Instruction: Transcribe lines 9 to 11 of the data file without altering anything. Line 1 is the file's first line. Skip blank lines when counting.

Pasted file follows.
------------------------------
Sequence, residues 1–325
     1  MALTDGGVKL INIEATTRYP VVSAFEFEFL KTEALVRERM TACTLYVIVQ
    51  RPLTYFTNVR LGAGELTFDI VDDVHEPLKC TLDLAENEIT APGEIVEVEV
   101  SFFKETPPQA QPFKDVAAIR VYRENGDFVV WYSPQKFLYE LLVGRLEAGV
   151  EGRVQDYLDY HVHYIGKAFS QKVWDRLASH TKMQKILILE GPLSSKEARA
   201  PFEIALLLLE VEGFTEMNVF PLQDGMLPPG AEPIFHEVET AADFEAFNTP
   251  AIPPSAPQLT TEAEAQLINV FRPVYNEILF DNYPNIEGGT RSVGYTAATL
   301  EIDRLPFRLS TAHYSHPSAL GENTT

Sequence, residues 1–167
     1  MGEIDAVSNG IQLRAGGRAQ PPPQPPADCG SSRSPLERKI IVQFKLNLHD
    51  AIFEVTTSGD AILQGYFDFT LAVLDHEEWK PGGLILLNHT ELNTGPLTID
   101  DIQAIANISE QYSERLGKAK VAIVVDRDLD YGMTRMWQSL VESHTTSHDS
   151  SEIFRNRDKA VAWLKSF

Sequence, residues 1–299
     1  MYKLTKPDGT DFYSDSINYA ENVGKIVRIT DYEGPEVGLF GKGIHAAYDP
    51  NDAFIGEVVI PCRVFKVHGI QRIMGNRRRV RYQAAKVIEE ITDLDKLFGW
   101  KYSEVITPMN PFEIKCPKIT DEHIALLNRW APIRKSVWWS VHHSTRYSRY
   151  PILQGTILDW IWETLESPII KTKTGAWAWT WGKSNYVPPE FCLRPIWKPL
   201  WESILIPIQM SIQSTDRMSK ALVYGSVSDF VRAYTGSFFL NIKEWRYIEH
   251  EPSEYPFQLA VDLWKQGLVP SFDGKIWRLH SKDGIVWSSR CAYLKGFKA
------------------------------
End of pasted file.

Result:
Sequence, residues 1–167
     1  MGEIDAVSNG IQLRAGGRAQ PPPQPPADCG SSRSPLERKI IVQFKLNLHD
    51  AIFEVTTSGD AILQGYFDFT LAVLDHEEWK PGGLILLNHT ELNTGPLTID